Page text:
Tips for Maintaining Home Water Quality
Never assume the water running from your tap is of high quality.
Image via Canadian Family (Flickr)
Tips for Maintaining Home Water Quality
One of the reasons I became an environmentalist is because I have always loved water. I grew up around water, I played in water, and I still play in water with my dog whenever I have the chance. I chose a career blogging about water and the importance of water quality because it is such a critical topic that everyone in the world should be educated about. This includes teaching people about home water quality. What is water quality? It’s ensuring that the water you use for both consumption and bathing is safe for you and your family.
You probably remember in school that water, known by its chemical formula H2O, is a chemical compound made up of one part oxygen and two parts hydrogen atoms. Water is a compound that cannot be destroyed. When hot, it evaporates into the earth’s atmosphere only to recycle into rain and fall back down on the earth again. Water can, however, absorb harmful substances, making it dangerous for consumption if polluted. This is why in the United States, the EPA is in charge of setting water quality standards all municipalities must follow to ensure their citizens have a safe water supply.
Are the Standards Enough?
Some, including me, argue that the EPA’s home water quality standards are not enough. It is also disconcerting that the standards allow the municipalities to treat the water coming into your home with harmful chemicals designed to kill bacteria, protozoa, and viruses. Don’t get me wrong, we need our water treated to ensure that it isn’t laden with such deadly organisms, but I don’t exactly want to drink a glass of water that has chlorine in it either, much less pharmaceuticals and fluoride. Even in small doses, these pollutants are harmful to people, especially children and those with sensitivities.
Test the Waters
So, if you’re asking yourself what is water quality in my home and how can I ensure the water is of high quality, take a few steps to get all the facts about your home’s tap water. Contact your local water municipality and purchase a water testing kit. Submit the test of your tap water to a qualified laboratory and carefully review the results upon receipt. The test results should give you a breakdown of your tap water quality, and how many chemicals and organisms are found in the water coming into your home.
Test the Humans
Another way to test your home water quality is to ask your family a few simple questions. Ask yourself these questions, too. Ask whether anyone notices any strange odors in the water coming out of your tap. Some things to smell for are an odor of bleach or other chemicals, eggs, a musty or moldy smell, fish, lead, or gasoline. Also find out if anyone thinks your water tastes funny. If you or anyone in your family is experiencing skin problems, this is also a sign of bad water. Finally, do everybody’s eyes sting when they take a shower? You probably have some chemicals in your water causing the irritation.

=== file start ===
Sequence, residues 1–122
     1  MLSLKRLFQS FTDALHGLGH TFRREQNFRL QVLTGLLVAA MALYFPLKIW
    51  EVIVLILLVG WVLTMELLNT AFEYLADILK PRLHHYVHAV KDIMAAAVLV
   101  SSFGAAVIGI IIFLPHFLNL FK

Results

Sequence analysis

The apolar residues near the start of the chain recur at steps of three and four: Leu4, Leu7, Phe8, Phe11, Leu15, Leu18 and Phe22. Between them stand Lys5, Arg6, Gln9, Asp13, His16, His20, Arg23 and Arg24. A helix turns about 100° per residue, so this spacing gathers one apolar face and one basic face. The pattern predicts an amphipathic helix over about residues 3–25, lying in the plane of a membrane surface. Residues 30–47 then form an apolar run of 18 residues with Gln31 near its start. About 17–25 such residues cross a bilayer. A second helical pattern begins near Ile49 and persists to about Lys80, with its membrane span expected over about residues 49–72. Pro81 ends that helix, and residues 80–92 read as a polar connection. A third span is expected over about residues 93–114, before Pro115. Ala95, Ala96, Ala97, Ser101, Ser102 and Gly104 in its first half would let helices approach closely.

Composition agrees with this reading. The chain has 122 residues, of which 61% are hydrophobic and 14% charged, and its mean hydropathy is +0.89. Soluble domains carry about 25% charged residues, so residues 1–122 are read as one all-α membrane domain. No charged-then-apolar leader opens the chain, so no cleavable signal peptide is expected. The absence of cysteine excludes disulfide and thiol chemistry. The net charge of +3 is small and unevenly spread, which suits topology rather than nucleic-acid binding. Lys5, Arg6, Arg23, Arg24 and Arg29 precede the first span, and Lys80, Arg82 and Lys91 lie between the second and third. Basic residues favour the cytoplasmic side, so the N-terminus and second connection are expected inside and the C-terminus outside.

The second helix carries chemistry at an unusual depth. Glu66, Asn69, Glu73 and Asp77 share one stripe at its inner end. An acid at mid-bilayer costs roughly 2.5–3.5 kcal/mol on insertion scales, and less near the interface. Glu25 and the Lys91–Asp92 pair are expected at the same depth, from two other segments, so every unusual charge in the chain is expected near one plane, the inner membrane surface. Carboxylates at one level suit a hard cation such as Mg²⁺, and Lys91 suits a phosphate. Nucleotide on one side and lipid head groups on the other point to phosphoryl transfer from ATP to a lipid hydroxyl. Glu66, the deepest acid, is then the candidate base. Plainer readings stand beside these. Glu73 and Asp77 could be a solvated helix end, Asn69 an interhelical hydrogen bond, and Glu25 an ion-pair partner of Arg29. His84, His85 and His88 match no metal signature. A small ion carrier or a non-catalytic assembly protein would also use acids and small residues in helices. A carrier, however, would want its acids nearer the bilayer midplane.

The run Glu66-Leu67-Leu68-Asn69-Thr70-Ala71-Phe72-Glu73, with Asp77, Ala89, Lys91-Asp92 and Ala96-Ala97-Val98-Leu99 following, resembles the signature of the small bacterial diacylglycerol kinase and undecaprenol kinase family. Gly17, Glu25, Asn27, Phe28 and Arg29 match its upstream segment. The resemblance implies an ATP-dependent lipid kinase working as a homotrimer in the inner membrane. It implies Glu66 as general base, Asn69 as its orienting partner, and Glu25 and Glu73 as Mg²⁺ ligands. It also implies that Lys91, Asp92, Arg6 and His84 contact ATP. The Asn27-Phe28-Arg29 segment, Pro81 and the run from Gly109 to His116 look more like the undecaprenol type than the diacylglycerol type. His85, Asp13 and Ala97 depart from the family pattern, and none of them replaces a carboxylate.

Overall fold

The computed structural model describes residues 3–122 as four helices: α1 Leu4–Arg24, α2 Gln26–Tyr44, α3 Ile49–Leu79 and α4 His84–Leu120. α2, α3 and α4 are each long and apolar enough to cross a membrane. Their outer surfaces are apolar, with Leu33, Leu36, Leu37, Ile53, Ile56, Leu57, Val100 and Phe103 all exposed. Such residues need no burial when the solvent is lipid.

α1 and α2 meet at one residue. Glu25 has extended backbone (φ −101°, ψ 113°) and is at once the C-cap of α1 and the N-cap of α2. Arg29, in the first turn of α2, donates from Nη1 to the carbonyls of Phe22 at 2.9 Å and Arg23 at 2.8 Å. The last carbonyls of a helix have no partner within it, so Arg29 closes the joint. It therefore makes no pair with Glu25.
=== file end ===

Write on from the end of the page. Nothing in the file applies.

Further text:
Filter Your Water
If your water quality isn’t up to snuff, and chances are it isn’t, make certain to filter all of the water that pours into your home. I’m not just talking about filtering your drinking water. It is also important to filter any water you cook with, clean with, brush your teeth with, and shower with. Your entire body is a sponge, both inside and out, and as your body digests food or shower water falls upon your skin, your body absorbs what is in the water. Don’t just filter your drinking water. Filter everything!
Other Steps You Can Take
Some other things you can do to maintain the quality of the water coming into your home is to keep your plumbing up to date with quality piping. If you live in an old house and you haven’t replaced the plumbing, chances are you have lead piping – a very dangerous thing, as the lead seeps into your water. Replace old plumbing with newer safer pipes. Keep your pipes and aerators clean, and clean your sinks, tubs, toilets, and showers regularly. On an annual basis, it’s important to drain and flush your hot water heater, and keep any hazardous materials away from your water sources at all times.
Your family’s health is important, and water is critical to human and animal health. We need water more than we need food. Keeping the water coming into your home clean and safe should not only be part of your household routine, it should also be part of your healthcare routine. Filter the baddies out your home’s water, including the chemicals used to make your water “safe.”
Written By: Lynn Taylor